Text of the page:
- There is a time for an organization to fight for every dollar in savings it can get and another for spending whatever is clearly necessary. Russell Westbrook's $205 million contract was the latter.
The prospect of a superstar hitting free agency—as could have been the case with Russell Westbrook next summer—has a way of consuming everything around it. Every win or loss refracts through that lens. Any difference of opinion comes loaded with an implicit threat. The trials of a season assume a different weight when their result could decide a franchise’s larger fate, as is the case when the matter at stake is the employment of one of the best basketball players in the world.
On Friday, Westbrook reframed the Thunder’s entire season with the stroke of a pen. The reigning MVP has officially committed to Oklahoma City on a five-year, $205 million extension, the richest contract awarded in league history. It is also the first real example of the designated player exception working toward its intended effect. At the time that exception came to pass, only five players met the strict criteria that would allow their incumbent teams to offer them a “supermax” deal. In one eligible case, the Kings chose to trade away DeMarcus Cousins rather than commit the $200+ million it would have likely required to retain him.
Westbrook’s extension went differently. The offer from the Thunder had reportedly been in Westbrook’s hands for months. There is a time for an organization to fight for every dollar in savings it can get and another for spending whatever is clearly necessary. This was the latter. Paying out huge money to a self-evident superstar is its own sort of prudence. Oklahoma City, for its part, never appeared especially concerned by Westbrook taking his time throughout this process. Over their nine years together, the Thunder had taken their measure of the man. Even if he had decided to forego an extension for the sake of free agency, OKC projected confidence in their ability to re-sign him.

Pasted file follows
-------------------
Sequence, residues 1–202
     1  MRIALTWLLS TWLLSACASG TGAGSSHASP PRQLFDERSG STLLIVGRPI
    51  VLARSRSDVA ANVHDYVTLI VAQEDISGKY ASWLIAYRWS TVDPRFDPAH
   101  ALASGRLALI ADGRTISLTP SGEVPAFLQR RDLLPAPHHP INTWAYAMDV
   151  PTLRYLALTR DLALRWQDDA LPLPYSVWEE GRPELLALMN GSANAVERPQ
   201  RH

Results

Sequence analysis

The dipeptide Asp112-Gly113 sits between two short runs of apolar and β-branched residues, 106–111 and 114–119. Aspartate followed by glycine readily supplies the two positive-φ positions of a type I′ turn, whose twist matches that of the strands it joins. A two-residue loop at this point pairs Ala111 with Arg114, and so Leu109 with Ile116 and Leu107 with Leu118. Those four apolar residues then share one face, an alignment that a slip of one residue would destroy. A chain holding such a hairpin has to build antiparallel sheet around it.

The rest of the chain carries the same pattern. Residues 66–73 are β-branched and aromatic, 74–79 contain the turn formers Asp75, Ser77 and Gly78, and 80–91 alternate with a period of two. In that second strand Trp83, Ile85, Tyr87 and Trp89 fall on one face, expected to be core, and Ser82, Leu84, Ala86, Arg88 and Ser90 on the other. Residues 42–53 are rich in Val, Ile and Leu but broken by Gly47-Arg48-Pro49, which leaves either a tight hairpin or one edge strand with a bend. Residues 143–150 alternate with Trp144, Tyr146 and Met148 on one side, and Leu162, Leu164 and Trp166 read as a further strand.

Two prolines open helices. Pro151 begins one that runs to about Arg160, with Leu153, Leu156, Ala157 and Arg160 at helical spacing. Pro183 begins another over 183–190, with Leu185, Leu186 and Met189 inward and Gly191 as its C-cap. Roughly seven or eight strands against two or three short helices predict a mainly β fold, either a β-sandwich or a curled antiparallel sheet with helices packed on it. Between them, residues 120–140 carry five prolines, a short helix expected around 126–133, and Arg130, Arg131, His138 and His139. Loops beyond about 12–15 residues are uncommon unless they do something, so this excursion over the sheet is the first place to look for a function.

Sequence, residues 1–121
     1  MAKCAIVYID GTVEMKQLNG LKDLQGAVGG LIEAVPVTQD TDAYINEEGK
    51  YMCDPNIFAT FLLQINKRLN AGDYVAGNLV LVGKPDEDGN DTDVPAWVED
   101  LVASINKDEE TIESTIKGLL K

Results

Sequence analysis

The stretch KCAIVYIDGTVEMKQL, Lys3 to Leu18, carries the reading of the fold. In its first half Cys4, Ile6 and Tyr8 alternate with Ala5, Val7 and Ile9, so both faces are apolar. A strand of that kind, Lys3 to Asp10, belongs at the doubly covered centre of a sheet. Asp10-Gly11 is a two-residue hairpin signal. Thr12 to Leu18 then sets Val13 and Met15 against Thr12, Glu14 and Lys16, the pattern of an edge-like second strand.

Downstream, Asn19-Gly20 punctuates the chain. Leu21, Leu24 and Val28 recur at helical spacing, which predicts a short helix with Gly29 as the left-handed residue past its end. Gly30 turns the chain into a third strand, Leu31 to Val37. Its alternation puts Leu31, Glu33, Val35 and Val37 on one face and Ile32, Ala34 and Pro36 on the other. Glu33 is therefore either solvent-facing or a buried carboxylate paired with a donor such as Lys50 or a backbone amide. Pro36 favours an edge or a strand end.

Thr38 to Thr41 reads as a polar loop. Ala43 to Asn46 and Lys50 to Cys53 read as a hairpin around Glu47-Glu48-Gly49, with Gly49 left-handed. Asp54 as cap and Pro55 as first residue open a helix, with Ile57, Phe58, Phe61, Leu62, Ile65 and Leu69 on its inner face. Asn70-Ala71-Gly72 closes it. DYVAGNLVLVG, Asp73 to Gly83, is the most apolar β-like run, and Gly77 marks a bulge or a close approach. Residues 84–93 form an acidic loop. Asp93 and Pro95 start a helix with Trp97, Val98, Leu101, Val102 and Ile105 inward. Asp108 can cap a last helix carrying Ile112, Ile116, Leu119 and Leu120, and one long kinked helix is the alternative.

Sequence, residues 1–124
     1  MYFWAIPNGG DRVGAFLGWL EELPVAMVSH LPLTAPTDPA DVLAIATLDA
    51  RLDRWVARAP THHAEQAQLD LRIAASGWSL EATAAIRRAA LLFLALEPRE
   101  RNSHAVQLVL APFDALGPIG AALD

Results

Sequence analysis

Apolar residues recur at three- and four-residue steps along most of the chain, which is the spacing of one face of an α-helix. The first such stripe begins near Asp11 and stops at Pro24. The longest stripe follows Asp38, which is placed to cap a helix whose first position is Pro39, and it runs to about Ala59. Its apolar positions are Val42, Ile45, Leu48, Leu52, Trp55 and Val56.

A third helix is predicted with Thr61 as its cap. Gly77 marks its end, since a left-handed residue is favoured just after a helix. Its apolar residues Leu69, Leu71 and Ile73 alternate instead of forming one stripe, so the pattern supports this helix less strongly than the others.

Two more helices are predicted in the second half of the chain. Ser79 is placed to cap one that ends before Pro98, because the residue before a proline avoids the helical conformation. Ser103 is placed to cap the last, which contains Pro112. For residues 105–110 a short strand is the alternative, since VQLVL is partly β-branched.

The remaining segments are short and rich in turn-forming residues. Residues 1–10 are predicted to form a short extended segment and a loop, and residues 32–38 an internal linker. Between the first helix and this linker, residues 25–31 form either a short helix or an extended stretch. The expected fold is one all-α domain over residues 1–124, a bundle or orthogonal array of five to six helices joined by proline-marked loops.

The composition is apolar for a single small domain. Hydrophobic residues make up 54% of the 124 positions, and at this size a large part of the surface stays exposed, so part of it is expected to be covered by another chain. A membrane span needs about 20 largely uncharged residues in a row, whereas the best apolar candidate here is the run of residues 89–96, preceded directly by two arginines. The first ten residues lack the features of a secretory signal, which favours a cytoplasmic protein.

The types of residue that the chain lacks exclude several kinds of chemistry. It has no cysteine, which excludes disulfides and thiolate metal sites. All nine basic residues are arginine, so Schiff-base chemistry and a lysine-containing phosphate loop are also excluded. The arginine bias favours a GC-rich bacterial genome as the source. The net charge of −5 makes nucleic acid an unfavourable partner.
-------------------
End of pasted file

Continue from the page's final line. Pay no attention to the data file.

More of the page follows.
The Thunder made matters easier by acquiring Paul George and Carmelo Anthony for a handful of role players. Those deals were no-brainers for the franchise on a transactional basis with the added value of sending the right signals to Westbrook. A front office can fill press conferences with talk of opportunism. Sam Presti and his staff tapped into it to pull two stars—both of whom complement Westbrook—out of a hat.
There can be no guarantee of where either George or Anthony will play next season. Oklahoma City, however, can feel safer in that fact after locking in Westbrook. Superstar security might mean more to the Thunder than any other franchise. They know first-hand the cost of seeing an MVP talent walk away, and in a post-Durant era, both Westbrook and the Thunder have staked their identity to it. This is a defiant group. On the court, the Thunder cut their way to 47 wins last season by playing focused basketball with an ever-sharpening edge. Often it was Westbrook doing the honing, wielding the chip on his shoulder like a whetstone. Teammates rallied around him, faults and all. OKC is banking on the fact that once George and Anthony see Westbrook up close, they will, too.
Even if George and Anthony choose to move on, the Thunder will fall back on what is now a proven formula: Westbrook against the world, for as long as it takes.